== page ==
In the undercover videos, cabbies first say they can't figure out how to find a location in an outer borough.
The cabbie is heard saying that he didn't have a GPS to find his way.
Then, they simply refuse to take each passenger.
Mayor Bloomberg and other city officials say it has to stop and that maybe it will stop if they double the fines against drivers who do this.
"New York City cab drivers are required by law to take you to any destination in the city. Period, end of story," said Bloomberg.
The threat of these refusals becoming even more real this past weekend when three men were refused a ride from Manhattan to the Bronx even after cops ordered the cabbie to take them.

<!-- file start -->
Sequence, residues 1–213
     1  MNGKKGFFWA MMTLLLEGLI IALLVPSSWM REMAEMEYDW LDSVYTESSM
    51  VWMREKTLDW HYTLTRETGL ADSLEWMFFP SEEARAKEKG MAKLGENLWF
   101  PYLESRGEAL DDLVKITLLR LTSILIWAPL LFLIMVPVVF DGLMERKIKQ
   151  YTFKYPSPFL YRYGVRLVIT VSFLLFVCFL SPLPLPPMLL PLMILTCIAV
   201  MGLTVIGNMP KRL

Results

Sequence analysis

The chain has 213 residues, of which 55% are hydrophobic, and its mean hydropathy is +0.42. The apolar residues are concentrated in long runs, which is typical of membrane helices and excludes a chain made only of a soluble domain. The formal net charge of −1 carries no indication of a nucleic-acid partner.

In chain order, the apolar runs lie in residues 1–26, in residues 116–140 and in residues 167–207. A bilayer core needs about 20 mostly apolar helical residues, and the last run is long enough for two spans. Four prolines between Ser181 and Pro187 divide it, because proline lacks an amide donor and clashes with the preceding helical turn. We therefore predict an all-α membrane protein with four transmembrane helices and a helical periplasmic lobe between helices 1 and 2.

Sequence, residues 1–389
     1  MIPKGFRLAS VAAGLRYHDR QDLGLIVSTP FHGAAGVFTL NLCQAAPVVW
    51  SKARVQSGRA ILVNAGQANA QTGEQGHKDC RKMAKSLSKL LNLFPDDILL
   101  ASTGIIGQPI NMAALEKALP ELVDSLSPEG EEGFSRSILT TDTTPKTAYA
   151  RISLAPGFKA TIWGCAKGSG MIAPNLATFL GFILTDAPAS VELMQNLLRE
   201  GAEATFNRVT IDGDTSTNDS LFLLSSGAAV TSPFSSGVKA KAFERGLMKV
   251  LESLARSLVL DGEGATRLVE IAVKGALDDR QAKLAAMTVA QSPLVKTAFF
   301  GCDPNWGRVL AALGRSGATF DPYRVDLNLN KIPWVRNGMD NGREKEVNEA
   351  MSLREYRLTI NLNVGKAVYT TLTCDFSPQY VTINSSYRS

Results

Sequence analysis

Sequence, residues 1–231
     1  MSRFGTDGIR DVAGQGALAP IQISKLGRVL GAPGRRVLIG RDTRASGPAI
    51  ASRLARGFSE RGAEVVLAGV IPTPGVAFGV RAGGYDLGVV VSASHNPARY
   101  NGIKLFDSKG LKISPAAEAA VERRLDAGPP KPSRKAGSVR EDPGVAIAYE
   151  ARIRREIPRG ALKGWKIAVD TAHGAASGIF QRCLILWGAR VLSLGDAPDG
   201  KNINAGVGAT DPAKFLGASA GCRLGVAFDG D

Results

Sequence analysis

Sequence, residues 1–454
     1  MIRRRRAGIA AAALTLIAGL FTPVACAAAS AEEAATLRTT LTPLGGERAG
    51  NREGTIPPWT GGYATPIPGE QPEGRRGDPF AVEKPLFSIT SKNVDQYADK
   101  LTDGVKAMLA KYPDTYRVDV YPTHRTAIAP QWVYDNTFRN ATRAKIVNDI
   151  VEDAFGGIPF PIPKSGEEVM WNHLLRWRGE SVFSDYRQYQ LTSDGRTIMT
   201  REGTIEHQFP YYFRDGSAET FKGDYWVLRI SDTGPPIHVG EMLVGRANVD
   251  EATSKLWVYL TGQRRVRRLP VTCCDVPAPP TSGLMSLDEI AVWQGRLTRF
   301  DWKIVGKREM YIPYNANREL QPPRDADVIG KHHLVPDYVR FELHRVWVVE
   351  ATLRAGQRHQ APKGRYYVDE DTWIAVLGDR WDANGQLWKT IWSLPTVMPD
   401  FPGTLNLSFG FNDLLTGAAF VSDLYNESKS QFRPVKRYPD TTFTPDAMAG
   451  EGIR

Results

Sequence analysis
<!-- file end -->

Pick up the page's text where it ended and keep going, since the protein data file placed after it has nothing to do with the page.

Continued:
One of them is now in critical condition with a fractured skull after they say the cabbie hit him.
"Many people have come forth to me, since the incident, and told me, that this is too commonplace in the city," said Council member James Vacca.
In fact they say there were just over 2,000 reports of taxi refusals during fiscal year 2009, whereas during this past fiscal year there were nearly 3,000, an increase of more than 36 percent.
Meanwhile, the cabbies insist the few who break the rules do it out of economic necessity.
"Drivers are not big corporations. They're hard working individuals with families to feed," said Bhairavi Desai.
The TLC wants drivers to pay $500 for a first offense. It's proposing a $750 fine for a second offense within two years.
That would raise the fines from up to $350 for a first offense and up to $500 for a second offense.